Google Maps is constantly getting updated with new features, but the use of those features isn't always obvious. If you find yourself using Google Maps just to get from address to address, you're missing out on a lot of the ways Google makes it easier to get around. Here's how to really use those personalisation options to your advantage.
Log In to the Your Google Account
First things first, you can't really personalise Google Maps without a Google account. It sounds self-explanatory, but the more you set up on your account, including contacts, email and your Google+ profile, the better Maps works. This is self-explanatory on the browser, but make sure you log in on your mobile devices as well. On Android or iPhone, click the person icon in Google Maps, and log in from there. Now everything you do in Google Maps is synced between your smartphone and the desktop app.
Set Up Your Home and Work Address
Once you're logged in, the next step is setting up your work and home address. This is pretty easy to do, and once you do it makes it so Google Maps can provide better information to you based on where you (probably) spend the most time.
On your computer:
Click the search box.
In the dropdown menu, select "Get directions".
In the next dropdown, select Home or Work to edit them.
Type in the address and hit enter.
Tap the person icon on the home screen.
Touch "Enter home address" or "Enter work address"
Enter your address.
Home and work are handy to have, because it makes it easy to always get directions from the places you spend your time. You'll also see your home and work on the map when you're searching for other addresses, so you'll always have a good idea of how far everything is from you.
Integrate Your Contacts into Google Maps
Chances are you don't remember every single one of your friend's addresses. Thankfully, you don't have to if you use Google Contacts.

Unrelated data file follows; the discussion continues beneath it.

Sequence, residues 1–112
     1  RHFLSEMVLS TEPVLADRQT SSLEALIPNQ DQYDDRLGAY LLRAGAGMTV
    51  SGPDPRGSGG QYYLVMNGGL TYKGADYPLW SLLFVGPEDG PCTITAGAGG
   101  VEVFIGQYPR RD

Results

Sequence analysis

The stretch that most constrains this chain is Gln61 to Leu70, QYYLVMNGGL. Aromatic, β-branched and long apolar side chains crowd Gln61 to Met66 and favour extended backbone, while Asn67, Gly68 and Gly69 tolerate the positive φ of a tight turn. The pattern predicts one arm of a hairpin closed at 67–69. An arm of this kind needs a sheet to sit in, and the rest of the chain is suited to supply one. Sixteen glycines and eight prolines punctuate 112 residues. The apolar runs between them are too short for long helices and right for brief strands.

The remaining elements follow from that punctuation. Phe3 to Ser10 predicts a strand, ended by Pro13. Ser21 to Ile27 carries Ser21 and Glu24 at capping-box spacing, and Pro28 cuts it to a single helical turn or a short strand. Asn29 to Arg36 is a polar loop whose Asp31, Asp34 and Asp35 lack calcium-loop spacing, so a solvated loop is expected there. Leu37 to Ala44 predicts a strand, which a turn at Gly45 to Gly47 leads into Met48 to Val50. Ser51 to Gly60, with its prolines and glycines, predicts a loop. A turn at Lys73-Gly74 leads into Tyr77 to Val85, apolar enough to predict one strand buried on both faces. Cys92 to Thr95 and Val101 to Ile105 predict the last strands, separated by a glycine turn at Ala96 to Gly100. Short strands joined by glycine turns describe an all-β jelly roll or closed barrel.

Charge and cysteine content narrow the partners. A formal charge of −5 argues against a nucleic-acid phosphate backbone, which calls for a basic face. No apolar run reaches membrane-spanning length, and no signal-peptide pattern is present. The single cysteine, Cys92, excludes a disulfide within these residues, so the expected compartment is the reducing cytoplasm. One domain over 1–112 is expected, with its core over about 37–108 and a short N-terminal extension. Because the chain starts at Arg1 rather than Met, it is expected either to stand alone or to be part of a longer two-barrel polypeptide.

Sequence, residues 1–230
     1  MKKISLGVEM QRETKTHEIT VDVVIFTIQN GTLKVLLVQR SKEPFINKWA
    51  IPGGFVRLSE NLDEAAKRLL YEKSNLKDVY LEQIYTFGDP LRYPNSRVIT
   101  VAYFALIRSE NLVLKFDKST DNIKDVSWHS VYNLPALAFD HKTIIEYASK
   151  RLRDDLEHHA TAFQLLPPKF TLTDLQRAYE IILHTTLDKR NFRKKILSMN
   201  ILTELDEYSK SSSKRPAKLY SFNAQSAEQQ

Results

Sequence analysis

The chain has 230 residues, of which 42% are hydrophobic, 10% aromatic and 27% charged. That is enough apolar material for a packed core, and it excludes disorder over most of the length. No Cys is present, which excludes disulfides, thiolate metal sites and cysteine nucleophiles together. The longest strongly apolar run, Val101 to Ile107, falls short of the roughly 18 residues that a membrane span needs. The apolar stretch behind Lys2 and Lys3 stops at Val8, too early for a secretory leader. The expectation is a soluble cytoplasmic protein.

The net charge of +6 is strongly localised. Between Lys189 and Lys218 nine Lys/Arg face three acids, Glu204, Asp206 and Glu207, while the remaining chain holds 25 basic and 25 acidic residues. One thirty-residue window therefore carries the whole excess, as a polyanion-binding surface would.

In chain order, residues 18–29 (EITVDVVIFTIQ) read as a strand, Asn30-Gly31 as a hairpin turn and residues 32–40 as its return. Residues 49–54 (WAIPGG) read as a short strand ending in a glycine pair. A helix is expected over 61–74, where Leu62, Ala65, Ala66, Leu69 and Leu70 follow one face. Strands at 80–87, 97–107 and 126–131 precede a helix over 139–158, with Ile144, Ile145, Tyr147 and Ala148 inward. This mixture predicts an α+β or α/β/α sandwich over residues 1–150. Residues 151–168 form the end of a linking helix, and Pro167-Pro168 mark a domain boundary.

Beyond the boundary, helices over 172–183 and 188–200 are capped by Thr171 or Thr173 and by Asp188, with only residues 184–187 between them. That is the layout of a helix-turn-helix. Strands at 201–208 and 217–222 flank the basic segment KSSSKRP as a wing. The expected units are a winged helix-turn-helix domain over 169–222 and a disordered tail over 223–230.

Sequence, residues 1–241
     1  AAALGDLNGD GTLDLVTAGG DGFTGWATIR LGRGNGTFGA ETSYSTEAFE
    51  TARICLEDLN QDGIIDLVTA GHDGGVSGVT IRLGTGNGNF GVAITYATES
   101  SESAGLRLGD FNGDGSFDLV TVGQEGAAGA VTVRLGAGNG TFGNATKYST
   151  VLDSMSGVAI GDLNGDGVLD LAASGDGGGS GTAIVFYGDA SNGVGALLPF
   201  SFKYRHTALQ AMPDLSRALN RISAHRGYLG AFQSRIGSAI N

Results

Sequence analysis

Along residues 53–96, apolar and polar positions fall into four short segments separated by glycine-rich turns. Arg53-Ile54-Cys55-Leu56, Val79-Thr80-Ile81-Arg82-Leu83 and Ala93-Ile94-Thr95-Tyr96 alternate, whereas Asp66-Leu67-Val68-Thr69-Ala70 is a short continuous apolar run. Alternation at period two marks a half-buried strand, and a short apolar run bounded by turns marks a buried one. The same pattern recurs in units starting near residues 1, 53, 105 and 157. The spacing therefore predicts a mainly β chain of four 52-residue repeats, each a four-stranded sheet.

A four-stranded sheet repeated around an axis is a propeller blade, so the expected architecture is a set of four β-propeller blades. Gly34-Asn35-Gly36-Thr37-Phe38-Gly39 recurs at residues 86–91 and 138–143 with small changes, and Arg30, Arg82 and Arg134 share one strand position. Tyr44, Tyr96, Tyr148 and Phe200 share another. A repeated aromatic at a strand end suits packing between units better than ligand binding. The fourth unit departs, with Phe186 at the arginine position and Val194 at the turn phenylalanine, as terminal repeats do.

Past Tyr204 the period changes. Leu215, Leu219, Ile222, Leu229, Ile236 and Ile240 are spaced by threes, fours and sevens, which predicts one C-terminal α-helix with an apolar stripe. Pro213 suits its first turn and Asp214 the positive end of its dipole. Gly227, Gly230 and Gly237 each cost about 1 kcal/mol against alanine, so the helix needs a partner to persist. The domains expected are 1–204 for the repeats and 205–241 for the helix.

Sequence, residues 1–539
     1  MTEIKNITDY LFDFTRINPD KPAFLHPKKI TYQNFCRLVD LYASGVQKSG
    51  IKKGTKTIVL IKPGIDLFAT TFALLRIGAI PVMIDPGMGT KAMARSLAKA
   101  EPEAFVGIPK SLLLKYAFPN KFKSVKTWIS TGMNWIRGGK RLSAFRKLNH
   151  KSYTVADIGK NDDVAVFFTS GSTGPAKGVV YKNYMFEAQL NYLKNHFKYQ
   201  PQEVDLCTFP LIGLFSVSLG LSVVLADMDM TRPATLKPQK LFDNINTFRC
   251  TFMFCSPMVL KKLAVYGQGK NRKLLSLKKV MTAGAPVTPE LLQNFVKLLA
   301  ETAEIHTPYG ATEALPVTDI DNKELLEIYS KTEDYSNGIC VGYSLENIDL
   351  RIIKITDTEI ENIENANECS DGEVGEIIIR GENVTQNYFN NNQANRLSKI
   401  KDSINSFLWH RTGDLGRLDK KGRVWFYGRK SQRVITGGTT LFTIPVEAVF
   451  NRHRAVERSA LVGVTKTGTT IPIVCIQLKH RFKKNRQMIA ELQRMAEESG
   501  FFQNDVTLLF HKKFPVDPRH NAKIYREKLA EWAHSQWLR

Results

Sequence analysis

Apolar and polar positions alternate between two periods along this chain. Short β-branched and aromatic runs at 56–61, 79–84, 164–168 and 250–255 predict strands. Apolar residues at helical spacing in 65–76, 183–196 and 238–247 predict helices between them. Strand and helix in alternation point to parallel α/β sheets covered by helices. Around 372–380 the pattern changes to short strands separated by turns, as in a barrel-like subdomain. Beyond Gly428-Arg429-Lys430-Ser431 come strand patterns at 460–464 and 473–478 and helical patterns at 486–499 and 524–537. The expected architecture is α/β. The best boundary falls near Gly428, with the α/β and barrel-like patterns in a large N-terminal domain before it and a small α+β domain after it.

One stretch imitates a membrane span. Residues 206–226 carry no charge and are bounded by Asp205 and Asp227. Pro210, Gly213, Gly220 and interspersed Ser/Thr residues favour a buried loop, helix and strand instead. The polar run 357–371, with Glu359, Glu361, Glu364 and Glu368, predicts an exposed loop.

If you're on Android, you're likely already invested in the Google ecosystem, which includes Google Contacts. If your friend's address is in your phone, it's already in Google Maps too. If they're not, then you'll have to do a little bit of work to get things working properly. First off, you might need to import your old address book into Google:
Export your contacts from your existing address book (usually File > Export > Export vCard in an app like Outlook or Mac Address Book).
Sign into Gmail.
Click the Gmail icon in the top left corner and select Contact.
Click "More actions" and select import.
Click "Choose File" and select the vCard files you just created to upload.
Once that's all set up, you can search for a friend's address by name in Google Maps. If you're an iOS user who doesn't want to mess around with two address books, you can also sync your contacts to your Google account instead of iCloud to keep those up to date.
Use Stars and History to Find What You're Looking For (and Where You've Been)
Now that all the basics are out of the way, it's time to really dig into getting more out Google Maps. This means using two big features you might not really bother with: stars and history.